What Business Are You Really In?
 
Jack Lee

What Business Are You Really In?

In the CPA profession, there is so much to do all the time.  The pace never seems to slow down and it can be overwhelming.  Even in the “slower” post-busy season period, with the intensity of the April 17th filing deadline behind us, there are still many things to do. In no particular order, now is the time to:

 

 

  • Finalize time reporting  and billing
  • Respond to emails
  • Clean our desks and offices
  • Plan and organize our work for the summer
  • Reset and refocus our personal goals
  • Develop deeper client relationships
  • Reconnect with family and friends
  • Plan business development and marketing activities
  • Rest and recover physically, mentally spiritually

Now is also the time to invest in your people by providing feedback, mentoring and career counseling, training programs in both technical and soft-skills, and communication of your plans for their future. 

Where does people development fall on your list?  I doubt that you deliberately write it last on your “to do’s” or say that people development isn’t important.  But somehow, people development often ends up in last place behind all the other items listed above.

Why is this? Here are my top three reasons:

  1. You don’t know what to say to your people or how to say it
  2. You feel hypocritical because you’re not consistently leading by example
  3. You’re too busy and just don’t have time

Not knowing what to say or how to say it. This is clearly a barrier to effective people development, but one that can be overcome with training and practice.  Start by developing a positive mindset that communicating with “straight talk” is a gift that comes from a place of care and concern with the intention of inspiring them to success.  This is especially important when performance improvement is needed. Learn how to use a format like “expectation, observation, inquiry” or “keep, stop start” to organize your thoughts and message.  Finally, practice your listening skills and develop understanding before agreeing on solutions and next steps.  For more on “straight talk” refer to my colleague Tamera’s blog entitled “The Gift of Truth”.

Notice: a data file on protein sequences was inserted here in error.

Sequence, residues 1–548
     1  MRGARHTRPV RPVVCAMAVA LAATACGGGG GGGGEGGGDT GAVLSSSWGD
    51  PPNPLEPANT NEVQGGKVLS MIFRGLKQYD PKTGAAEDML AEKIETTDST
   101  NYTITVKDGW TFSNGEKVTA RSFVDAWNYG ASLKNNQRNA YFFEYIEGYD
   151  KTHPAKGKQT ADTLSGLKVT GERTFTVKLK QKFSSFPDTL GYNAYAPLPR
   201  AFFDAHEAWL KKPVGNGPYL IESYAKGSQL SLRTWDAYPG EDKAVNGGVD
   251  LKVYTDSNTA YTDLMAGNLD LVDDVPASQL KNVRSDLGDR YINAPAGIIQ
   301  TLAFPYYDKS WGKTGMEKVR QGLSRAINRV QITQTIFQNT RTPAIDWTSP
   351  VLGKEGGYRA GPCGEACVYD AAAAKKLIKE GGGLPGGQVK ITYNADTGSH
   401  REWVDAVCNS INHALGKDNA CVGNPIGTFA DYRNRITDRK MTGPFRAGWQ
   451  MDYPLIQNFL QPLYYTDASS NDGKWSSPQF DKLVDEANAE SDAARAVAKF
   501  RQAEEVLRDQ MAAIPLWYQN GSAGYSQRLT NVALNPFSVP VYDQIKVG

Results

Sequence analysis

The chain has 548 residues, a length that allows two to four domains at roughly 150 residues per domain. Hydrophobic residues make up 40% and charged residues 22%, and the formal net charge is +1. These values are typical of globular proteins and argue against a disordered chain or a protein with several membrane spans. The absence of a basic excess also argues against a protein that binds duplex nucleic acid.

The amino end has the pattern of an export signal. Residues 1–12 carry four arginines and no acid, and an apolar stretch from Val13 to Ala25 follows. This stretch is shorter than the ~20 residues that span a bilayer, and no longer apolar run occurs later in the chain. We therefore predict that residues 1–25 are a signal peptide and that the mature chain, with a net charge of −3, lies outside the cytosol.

Not leading by example. Often, avoidance of people development conversations results from a failure to clearly communicate performance expectations to your people in advance.  Leaders need to take 100% responsibility for this lack of communication around expectations, and use the opportunity to discuss and establish goals for the next evaluation period.  People development conversations are even more difficult when you’re not leading by example with your own performance.  But avoiding the conversation will not make your performance better or restore the trust gap that has been created.  Deliver the feedback anyway, acknowledging that you have been lacking in this area, too.  Then commit to improve together.

Too busy and not enough time.  Take a serious look at what activities are taking priority over people development, because whatever you’re consistently working at reflects what is most important to you.  What business are you in?  Is it providing attest services, tax services, or business advisory services to clients? Have you considered the possibility that we are really in the business of developing people?  It’s a “chicken or egg” type of question to ponder, but it’s clear that without talented, trained, motivated, “on board” people –we cannot successfully serve clients, retain clients, develop new clients, grow the business or sustain it for the long term.

What if you turned your “to do” list upside down and began to live like you’re in the business of developing people?  What would that look like?  Are you willing to try it? What are you afraid of?

We will continue to help our clients succeed by asking “What Business Are You In?” If you have ideas or experiences to share on this subject please post them so others can benefit.

Best regards,
Jack

 

 

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